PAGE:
Sunday, October 14, 2007

No more hospital

It's been a while since my last post - but we've had our hands full around here.

On Tuesday, Danny went to see his doctor and was prescribed medication for high blood pressure. His doc said that he wasn't sure whether or not he needed the meds, but said to try them and come back on Friday to follow up on some blood work. Danny took the first dose on Tuesday and the second on Wednesday. Throughout Wednesday, Danny noticed that he wasn't feeling great. When I came home from work, we looked at the info printed on the meds' insert and it said that a little light headedness at first was normal. Danny decided he felt well enough to continue with his traditional Wednesday (D's Friday) night plans - out for drinks with the boys.

Around 11:00, one of Danny's brothers, Patrick, and a friend, Angie, showed up at our house with a stumbling, out of it Danny in tow. Danny made his way upstairs and I helped him settle into bed in the guest room. I wondered what was going on - it's not like Danny to get plastered, which is how he appeared. Pat & Angie explained that Danny had something like a seizure while they were out and so they took him home. They hadn't seen it, but another friend said that Danny was sitting on a bar stool and suddenly his head tilted back, he made a snoring sound, and his arm shook at his side. Danny's eyes were half closed and he was unresponsive to voices or touch. After about a minute, he snapped out of it but broke into a heavy, cold sweat.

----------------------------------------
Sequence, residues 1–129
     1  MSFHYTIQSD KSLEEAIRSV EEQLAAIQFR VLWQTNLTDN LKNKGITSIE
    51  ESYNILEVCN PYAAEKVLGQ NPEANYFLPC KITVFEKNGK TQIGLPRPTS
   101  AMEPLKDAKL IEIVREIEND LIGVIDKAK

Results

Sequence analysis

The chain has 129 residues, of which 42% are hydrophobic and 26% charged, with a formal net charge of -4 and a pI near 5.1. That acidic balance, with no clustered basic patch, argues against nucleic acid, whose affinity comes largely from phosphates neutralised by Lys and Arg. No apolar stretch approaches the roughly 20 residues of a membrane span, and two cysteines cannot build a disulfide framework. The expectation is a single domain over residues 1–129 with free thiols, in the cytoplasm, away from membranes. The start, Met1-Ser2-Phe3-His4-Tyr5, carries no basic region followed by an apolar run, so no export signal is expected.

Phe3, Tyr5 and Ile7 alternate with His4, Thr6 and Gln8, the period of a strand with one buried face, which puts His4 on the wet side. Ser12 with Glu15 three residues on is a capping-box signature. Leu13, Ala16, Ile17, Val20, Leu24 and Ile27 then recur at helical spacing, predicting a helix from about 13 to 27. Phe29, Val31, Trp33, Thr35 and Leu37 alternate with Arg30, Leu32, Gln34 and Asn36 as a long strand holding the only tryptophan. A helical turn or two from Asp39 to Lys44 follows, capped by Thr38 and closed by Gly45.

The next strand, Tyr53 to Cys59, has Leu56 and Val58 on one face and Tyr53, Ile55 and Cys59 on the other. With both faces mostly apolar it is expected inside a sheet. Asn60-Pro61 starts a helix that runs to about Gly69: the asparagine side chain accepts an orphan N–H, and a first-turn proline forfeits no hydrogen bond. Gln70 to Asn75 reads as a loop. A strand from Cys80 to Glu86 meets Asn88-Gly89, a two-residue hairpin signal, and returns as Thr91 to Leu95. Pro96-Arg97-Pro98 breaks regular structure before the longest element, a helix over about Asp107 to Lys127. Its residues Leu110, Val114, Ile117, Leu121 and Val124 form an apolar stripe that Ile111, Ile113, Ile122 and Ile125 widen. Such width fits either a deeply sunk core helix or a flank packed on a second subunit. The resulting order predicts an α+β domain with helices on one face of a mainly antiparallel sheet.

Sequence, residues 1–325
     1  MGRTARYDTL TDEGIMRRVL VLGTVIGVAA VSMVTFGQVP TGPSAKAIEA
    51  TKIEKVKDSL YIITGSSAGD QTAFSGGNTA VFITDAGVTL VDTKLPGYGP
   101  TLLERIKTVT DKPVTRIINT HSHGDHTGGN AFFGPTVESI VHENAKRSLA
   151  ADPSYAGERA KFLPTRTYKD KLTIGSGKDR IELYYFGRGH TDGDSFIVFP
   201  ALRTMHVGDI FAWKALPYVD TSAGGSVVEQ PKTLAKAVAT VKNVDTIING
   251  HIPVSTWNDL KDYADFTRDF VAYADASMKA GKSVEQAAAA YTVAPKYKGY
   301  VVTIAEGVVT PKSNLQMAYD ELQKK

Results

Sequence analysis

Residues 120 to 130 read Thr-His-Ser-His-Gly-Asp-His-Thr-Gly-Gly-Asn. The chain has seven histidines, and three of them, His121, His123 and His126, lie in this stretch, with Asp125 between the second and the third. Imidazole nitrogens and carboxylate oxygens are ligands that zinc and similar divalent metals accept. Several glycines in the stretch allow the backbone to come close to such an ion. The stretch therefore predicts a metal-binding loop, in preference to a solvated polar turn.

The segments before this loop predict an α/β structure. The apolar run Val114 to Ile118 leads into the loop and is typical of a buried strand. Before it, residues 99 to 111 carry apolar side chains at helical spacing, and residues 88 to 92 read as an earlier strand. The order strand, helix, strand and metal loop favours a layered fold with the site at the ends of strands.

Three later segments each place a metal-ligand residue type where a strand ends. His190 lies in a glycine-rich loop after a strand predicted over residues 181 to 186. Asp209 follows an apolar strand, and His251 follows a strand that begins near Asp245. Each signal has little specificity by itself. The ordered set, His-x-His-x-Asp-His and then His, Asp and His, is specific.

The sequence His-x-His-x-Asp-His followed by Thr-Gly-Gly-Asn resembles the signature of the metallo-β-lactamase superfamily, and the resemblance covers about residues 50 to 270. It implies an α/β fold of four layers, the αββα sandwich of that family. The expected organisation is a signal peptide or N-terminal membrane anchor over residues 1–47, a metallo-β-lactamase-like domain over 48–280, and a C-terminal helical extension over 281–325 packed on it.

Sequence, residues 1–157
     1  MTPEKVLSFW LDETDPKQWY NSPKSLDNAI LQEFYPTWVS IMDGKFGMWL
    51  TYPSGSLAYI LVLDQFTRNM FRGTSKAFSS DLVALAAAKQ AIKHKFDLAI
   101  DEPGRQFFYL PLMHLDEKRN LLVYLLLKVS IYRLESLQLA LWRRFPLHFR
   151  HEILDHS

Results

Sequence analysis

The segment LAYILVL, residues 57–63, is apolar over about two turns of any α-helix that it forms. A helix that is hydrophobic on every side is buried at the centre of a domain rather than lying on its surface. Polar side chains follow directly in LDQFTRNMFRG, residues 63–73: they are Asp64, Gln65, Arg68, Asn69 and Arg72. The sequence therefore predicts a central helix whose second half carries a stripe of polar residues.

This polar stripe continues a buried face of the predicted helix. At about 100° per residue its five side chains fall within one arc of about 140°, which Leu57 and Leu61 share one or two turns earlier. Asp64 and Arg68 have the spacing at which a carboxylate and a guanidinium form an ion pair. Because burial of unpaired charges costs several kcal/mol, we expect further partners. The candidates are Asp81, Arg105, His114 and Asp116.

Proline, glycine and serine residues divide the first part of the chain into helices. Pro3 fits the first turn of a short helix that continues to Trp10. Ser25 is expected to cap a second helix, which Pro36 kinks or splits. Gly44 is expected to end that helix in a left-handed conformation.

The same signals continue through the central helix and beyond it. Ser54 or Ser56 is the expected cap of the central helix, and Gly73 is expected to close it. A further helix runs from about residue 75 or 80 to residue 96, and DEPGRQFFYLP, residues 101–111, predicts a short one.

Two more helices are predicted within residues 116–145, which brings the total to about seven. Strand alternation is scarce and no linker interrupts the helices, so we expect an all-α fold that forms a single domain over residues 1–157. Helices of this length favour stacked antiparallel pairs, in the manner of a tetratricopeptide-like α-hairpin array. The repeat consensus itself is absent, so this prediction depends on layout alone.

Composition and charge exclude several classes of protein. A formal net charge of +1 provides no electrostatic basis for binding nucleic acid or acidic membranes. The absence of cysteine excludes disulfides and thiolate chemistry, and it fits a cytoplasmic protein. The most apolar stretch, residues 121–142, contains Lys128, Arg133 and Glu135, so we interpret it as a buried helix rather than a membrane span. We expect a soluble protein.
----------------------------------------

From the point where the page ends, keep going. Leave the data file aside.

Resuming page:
I called the local nurse emergency line to ask about the meds and tell them what had happened and they said to get to an ER right away. When I told Danny we were going to head to the hospital, he refused to go. This is not unlike him, as he's not crazy about doctors. But he wasn't speaking clearly and he was definitely not himself. So then I called 911 and paramedics arrived in about five minutes. They checked his blood pressure and saw that it was running pretty low (about 90/50) then ran an EKG. It was so surreal - all of this going on right in our bedroom.